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MoneyWeek 1057

MoneyWeek is a weekly magazine that enables you to become a better-informed, smarter investor and enjoy the rewards of managing your money with confidence. Week-in, week-out we'll guide you through the financial world as it changes, alerting you to all the opportunities to profit and dangers to avoid, as they appear. Income strategies, rising-star companies, the best funds and trusts, clever ways to preserve your wealth during market turmoil... you will get the best ideas from the sharpest financial minds and investing professionals in Britain.

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Country:
United Kingdom
Language:
English
Publisher:
Dennis Publishing UK
Frequency:
Weekly
$8.22(Incl. tax)
$195.48(Incl. tax)
51 Issues

in this issue

3 min
from the editor-in-chief...

“The UK pensions system is simple – until you hit an allowance limit. Then it’s admin hell” You’re a deeply-in-debt government. Your deficit is running at 11.8% of GDP. That’s not as bad as it could have been. But, given the national debt is now at its highest since the 1960s, it isn’t exactly good either. You’ve also made a lot of promises – green revolutions, levelling up, and the financing of social care. Your prime minister has promised that no one will have to sell their totemic “family home” to pay for the latter. What do you do? In an ideal world you’d find a pile of cash that, while technically owned by voters, is mostly inaccessible to them in the short term; that many don’t even know they have;…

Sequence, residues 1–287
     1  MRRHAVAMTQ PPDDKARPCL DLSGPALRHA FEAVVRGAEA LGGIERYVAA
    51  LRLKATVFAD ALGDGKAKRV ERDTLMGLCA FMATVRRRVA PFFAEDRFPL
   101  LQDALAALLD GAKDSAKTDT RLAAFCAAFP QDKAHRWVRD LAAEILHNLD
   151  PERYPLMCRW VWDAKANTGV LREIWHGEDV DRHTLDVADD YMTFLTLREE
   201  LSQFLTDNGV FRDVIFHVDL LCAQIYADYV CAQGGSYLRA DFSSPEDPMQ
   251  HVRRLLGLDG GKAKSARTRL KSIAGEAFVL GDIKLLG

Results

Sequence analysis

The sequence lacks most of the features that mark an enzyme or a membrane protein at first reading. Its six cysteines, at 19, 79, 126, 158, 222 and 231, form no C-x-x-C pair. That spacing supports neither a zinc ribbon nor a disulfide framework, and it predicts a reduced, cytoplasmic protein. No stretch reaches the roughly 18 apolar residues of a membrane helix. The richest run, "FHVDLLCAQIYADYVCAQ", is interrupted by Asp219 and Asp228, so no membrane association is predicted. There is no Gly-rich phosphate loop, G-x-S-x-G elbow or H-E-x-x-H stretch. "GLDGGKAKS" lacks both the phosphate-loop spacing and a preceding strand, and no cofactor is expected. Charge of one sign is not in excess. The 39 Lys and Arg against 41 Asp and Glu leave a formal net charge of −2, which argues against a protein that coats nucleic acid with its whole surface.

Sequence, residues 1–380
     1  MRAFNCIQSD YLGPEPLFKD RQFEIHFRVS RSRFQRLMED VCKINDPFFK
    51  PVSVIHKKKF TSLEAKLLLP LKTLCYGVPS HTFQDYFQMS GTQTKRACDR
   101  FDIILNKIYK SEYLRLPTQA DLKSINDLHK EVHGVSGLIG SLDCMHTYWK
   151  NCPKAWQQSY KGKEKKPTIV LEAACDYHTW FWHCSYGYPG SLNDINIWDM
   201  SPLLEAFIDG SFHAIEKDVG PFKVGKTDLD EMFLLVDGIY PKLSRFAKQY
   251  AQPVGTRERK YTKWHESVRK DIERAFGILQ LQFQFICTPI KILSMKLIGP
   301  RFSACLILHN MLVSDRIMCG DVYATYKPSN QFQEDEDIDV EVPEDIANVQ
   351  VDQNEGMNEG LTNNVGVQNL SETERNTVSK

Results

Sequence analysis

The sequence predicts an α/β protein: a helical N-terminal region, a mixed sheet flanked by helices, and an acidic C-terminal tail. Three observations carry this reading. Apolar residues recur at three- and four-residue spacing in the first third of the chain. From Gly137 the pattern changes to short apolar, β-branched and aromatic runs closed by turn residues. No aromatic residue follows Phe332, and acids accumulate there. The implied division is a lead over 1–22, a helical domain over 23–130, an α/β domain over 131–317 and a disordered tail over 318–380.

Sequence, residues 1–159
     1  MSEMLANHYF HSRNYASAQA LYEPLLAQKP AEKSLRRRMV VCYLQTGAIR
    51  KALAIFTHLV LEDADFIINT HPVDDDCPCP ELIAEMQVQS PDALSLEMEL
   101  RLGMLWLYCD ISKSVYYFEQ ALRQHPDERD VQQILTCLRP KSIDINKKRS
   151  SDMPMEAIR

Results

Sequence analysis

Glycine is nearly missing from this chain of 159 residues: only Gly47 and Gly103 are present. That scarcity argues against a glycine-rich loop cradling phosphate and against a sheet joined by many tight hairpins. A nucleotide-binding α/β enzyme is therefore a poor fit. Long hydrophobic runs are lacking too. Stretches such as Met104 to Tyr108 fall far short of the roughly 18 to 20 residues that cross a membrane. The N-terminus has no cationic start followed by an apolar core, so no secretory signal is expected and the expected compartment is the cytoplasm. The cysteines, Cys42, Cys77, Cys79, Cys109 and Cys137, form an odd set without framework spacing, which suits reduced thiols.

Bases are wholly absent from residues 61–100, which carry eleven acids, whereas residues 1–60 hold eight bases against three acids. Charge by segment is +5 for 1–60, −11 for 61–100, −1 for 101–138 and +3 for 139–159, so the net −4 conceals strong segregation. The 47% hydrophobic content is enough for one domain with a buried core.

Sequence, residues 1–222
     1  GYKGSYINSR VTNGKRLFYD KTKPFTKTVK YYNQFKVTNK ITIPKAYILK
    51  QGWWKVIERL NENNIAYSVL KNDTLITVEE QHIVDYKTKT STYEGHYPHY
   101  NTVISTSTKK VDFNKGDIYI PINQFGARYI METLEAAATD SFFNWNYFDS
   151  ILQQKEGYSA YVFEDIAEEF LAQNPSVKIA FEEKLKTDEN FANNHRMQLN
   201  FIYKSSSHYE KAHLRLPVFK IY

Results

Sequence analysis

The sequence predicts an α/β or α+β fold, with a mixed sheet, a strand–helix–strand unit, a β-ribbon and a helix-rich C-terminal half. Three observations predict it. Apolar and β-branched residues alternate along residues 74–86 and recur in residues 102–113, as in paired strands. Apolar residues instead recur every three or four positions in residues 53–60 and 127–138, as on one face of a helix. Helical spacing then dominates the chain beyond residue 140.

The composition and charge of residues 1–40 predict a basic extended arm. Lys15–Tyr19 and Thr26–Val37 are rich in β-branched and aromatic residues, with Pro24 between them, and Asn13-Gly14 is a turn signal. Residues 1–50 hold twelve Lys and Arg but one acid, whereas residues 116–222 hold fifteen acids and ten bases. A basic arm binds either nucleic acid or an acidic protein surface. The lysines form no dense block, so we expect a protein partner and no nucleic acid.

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1 min
unintended side effect of the week

The UK’s biggest producer of cannabis for pharmaceutical usage is urging the government to make changes to post-Brexit immigration policy as it struggles to recruit seasonal workers, reports the Financial Times. British Sugar, which supplies US company Jazz Pharmaceuticals with ingredients for anti-epilepsy drugs from an 18-hectare site in Norfolk, has been unable to use a pilot scheme to recruit seasonal workers. The scheme, which allowed UK farmers to bring in up to 30,000 workers from abroad for up to six months, is meant to help replace short-term workers who previously were recruited under the EU’s freedom of movement regime. However, it is not open to those who grow non-edible crops. The shortages come as investment into cannabis companies has surged, following the legalisation by several countries of the use…

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1 min
good week for

The world’s third-largest gem-quality diamond, a 1,098 carat stone, was unearthed in Botswana by Debswana Diamond Co., a unit of De Beers, reports Mbongeni Mguni on Bloomberg. Only the Cullinan diamond (discovered in South Africa in 1905) and the Lesedi la Rona (found in Botswana in 2015) are larger. Excitement for numismatists as a 23-carat gold coin known as a “leopard”, thought to have been lost after the Black Death, was found by a metal detectorist in Norfolk, says Arthi Nachiappan in The Times, with another gold coin called a “noble”. The coins, which would have had spending power of about £12,000 in today’s money, likely came from an owner from “the wealthiest levels of society”. They were pulled from circulation shortly after being minted in 1344.…